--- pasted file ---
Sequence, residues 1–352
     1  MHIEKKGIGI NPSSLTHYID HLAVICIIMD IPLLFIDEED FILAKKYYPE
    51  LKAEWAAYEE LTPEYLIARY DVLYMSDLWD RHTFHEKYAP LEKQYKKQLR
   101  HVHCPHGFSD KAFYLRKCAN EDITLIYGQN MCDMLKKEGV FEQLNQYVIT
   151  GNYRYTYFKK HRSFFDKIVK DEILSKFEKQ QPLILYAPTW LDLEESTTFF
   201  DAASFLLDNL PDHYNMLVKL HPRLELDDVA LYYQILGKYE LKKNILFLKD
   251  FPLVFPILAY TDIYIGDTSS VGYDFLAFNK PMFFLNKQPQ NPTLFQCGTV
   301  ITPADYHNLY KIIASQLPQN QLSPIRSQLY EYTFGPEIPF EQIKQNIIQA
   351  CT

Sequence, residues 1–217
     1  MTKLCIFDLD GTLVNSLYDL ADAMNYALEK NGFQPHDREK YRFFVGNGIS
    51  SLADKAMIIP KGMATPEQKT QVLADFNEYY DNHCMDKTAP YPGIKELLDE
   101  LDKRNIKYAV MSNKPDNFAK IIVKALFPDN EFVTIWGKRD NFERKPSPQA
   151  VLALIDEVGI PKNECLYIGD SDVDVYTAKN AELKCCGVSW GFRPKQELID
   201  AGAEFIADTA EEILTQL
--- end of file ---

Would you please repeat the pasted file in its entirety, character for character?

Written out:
Sequence, residues 1–352
     1  MHIEKKGIGI NPSSLTHYID HLAVICIIMD IPLLFIDEED FILAKKYYPE
    51  LKAEWAAYEE LTPEYLIARY DVLYMSDLWD RHTFHEKYAP LEKQYKKQLR
   101  HVHCPHGFSD KAFYLRKCAN EDITLIYGQN MCDMLKKEGV FEQLNQYVIT
   151  GNYRYTYFKK HRSFFDKIVK DEILSKFEKQ QPLILYAPTW LDLEESTTFF
   201  DAASFLLDNL PDHYNMLVKL HPRLELDDVA LYYQILGKYE LKKNILFLKD
   251  FPLVFPILAY TDIYIGDTSS VGYDFLAFNK PMFFLNKQPQ NPTLFQCGTV
   301  ITPADYHNLY KIIASQLPQN QLSPIRSQLY EYTFGPEIPF EQIKQNIIQA
   351  CT

Sequence, residues 1–217
     1  MTKLCIFDLD GTLVNSLYDL ADAMNYALEK NGFQPHDREK YRFFVGNGIS
    51  SLADKAMIIP KGMATPEQKT QVLADFNEYY DNHCMDKTAP YPGIKELLDE
   101  LDKRNIKYAV MSNKPDNFAK IIVKALFPDN EFVTIWGKRD NFERKPSPQA
   151  VLALIDEVGI PKNECLYIGD SDVDVYTAKN AELKCCGVSW GFRPKQELID
   201  AGAEFIADTA EEILTQL